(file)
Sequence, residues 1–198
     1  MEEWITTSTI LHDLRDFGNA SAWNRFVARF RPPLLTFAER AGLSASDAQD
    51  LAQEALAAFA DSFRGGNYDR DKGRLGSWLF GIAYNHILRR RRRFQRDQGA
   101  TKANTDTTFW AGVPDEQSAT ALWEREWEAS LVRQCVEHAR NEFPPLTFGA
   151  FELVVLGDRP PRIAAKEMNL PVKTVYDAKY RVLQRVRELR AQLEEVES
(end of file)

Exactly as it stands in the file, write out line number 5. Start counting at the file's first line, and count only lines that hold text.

   151  FELVVLGDRP PRIAAKEMNL PVKTVYDAKY RVLQRVRELR AQLEEVES